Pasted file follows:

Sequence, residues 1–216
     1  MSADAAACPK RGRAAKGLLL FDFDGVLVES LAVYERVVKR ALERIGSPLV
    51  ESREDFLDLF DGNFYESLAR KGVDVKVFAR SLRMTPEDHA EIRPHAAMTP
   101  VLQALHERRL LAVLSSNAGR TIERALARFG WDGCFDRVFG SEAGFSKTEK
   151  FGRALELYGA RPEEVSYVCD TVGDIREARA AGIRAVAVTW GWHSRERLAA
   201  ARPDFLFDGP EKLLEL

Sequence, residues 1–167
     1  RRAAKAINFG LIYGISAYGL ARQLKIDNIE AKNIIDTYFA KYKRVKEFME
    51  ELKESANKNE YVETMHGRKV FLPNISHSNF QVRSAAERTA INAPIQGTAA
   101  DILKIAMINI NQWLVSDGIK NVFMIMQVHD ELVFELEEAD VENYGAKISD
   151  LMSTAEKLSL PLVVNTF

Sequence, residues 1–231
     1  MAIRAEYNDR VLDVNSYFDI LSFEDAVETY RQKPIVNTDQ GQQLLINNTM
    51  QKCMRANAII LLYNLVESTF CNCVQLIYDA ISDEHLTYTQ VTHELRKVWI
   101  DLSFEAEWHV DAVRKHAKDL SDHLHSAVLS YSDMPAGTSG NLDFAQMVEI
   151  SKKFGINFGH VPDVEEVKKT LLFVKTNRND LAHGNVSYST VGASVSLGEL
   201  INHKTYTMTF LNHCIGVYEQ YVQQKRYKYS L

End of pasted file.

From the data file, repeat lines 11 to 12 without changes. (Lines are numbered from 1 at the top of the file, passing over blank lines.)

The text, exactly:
   151  LMSTAEKLSL PLVVNTF

Sequence, residues 1–231